The Wolverine

October 2017

The Wolverine: Covering University of Michigan Football and Sports

Issue link:

Contents of this Issue


Page 68 of 75

OCTOBER 2017 THE WOLVERINE 69 BY JOHN BORTON D r. Eric Mayes didn't wait for opportunity to knock, or even tap lightly. He dove through the window and cre- ated chances for himself, all along the way. From Michigan to Howard to Harvard, the 1997 football cap- tain just kept on tackling chal- lenges. In his view, Ann Arbor served as his launching pad. Even reaching the Univer- sity of Michigan represented a stretch for the stars. Earn- ing a scholarship, getting on the field and becoming cap- tain of what would become a national championship team? Maybe in a Disney movie. It all happened, for someone born in Benton Harbor, Mich., to a family with no back- ground of college attendance and a football affinity for Notre Dame. Mayes' older brother sold football programs at Irish games, but one day the younger sib- ling helped stop them cold. The all-state performer out of Por- tage Northern High School didn't follow a seamless path to a winged helmet. He attended Xavier in New Orleans for a year, returned home- sick and applied to Michigan and Michigan State. Mayes, always a strong student, noted Michigan State lost his tran- script, and he found a home among the Wolverines. "I bought the book The Fab Five, and I read it," he recalled. "There was no question Michigan was where I wanted to be." Mayes enrolled in the fall of 1994 as a regular student, but always felt he could rise above the crowd. He definitely believed that during one of the darkest moments in Michigan Stadium in the past quarter century. The last-second loss to Colorado sucked the life out of The Big House, and fans felt helpless to do anything. One took a different approach. "I'm sitting in the stands as Kordell Stewart rolls out and throws the Hail Mary to [Michael] Westbook, and they beat Michigan in Michigan Stadium and the place goes silent," Mayes recalled. "I look at the other students I'm sitting next to and I said, 'Man, I could have done some- thing about that. I could play here.'" They probably shook their heads at his audacity, if not his delusion. Be- fore long, those inside Schembechler Hall were telling him he almost cer- tainly couldn't play there. A call from his former high school coach to a friend in the building got Mayes an introduction. But strength and conditioning coach Mike Gittle- son put him off a few times, Mayes recalled. "Every time I'm coming, he's tell- ing me, 'I'm going to work you out when you come back,'" Mayes noted. "He sends me back a couple more times. Finally, I stop by with my school clothes on — Dickies, a white tee-shirt and Chuck Taylors." The equipment staff wouldn't out- fit the unknown, and thus began Mayes' bold series of not taking no for an answer. "I finally go back, and he works me out with my Dickies and my white tee," he recalled, with a laugh. "Later, he told me, 'Listen, son. Odds are, you'll never play here, and you'll never get a scholarship. You're better off quitting.' "I said, 'Okay, I understand, sir.' And I just kept coming back. I kept showing up, and eventually they didn't kick me out. I was given a locker, and they gave me the number 16-R." Receiving a letter along with a number doesn't exactly por- tend playing time, or a cap- tain's mantle. In fact, Mayes' dearth of practice snaps be- came fodder for humor among his teammates, even ones with whom he became friends. Mayes wasn't laughing. At the same time, he didn't de- spair. He just kept trying to find a way. He'd sneak into huddles during practices, get tossed out by a coach, draw sideline snickers and wait for an opening to slip back in as a safety once secondary coach Lloyd Carr got distracted. "One time he forgot I was in there or he was talking to another coach and he didn't see I was in there," Mayes recalled. "They hand the ball off to Tshimanga Biakabutuka, and he runs it in a straight dive. I hit him in the A-gap and blow him up. "I tackled the guy, and [head coach Gary] Moeller goes crazy, like, 'Who the hell is this tackling my starting running back? I don't even know who this guy is!'" After that play, some knew. More did when Mayes turned an error in a walk-on scrimmage into a plus. "I get a rep, and I'm supposed to play the deep half," Mayes said. "It's a boot. I bite up on the boot, and I say the hell with the deep half. I come off the edge and I sack Colby Keefer. I give it to him, seven or eight yards deep. "Coach laughs and says, 'Dam- mit, you're supposed to be the deep half. You're not even supposed to be anywhere around this. But if you're going to make a mistake, that's how you make it." Te a m m a t e s o n t h e s i d e l i n e s were calling out his nickname: "Zeuuuuuuuus!" But Michigan's   WHERE ARE THEY NOW? Eric Mayes Relentlessly Pursued Success Mayes came to Michigan as a walk-on, but was later elected a co-captain on the undefeated 1997 national championship team. PHOTO COURTESY MICHIGAN ATHLETIC MEDIA RELATIONS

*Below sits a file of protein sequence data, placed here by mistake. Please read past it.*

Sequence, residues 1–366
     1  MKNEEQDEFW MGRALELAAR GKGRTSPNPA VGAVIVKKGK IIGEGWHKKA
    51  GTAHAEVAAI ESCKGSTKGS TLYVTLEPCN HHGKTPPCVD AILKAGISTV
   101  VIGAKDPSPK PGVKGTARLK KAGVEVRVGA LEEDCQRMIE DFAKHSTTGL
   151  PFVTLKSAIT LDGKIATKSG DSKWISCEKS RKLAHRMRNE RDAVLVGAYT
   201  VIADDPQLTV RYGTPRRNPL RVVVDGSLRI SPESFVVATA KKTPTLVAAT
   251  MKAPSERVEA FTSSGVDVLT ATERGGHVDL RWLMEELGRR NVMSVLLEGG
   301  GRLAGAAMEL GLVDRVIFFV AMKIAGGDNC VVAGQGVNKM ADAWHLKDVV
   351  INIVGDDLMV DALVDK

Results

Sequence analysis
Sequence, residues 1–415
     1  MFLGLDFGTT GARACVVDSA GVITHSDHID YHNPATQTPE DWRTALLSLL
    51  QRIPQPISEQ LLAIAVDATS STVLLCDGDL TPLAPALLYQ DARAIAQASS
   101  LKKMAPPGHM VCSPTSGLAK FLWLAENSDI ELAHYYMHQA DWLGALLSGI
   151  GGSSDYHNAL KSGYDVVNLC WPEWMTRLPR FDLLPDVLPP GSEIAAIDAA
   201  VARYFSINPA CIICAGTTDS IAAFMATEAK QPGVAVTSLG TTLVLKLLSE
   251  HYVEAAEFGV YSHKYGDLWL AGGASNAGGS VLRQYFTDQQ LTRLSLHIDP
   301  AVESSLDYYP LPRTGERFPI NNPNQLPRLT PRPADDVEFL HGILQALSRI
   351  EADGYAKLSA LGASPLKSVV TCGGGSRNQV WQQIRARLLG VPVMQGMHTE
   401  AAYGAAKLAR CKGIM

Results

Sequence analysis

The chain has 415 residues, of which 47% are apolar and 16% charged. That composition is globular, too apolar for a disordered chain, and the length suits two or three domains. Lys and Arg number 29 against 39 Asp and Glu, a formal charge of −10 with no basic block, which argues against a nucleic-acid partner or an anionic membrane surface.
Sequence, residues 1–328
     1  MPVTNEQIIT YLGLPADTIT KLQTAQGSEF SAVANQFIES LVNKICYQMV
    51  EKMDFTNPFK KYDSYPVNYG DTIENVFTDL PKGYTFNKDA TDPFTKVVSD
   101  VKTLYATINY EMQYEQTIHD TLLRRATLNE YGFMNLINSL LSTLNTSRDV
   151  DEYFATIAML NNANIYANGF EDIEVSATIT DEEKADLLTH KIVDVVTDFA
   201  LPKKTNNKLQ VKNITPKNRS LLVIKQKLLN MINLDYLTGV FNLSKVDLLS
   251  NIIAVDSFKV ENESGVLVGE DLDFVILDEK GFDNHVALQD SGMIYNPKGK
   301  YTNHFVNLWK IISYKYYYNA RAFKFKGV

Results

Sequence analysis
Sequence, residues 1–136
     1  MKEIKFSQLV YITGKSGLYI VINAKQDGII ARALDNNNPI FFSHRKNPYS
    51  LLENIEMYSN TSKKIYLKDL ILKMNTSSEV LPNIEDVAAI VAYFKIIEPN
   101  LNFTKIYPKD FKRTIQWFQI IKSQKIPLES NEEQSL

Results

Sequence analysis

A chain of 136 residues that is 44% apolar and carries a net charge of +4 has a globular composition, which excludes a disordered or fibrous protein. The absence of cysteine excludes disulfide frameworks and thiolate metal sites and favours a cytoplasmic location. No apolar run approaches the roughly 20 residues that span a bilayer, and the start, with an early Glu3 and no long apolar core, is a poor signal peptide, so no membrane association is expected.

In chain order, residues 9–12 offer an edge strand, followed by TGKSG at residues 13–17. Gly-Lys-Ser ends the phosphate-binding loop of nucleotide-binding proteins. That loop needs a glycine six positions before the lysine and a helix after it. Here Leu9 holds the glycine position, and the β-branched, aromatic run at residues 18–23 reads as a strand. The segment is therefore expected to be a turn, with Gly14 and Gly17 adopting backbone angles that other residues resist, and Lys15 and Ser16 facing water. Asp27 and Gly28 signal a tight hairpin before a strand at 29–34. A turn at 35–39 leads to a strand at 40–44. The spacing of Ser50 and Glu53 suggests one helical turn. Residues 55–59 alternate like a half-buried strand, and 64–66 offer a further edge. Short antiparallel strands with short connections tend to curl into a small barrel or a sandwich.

Articles in this issue

Archives of this issue

view archives of The Wolverine - October 2017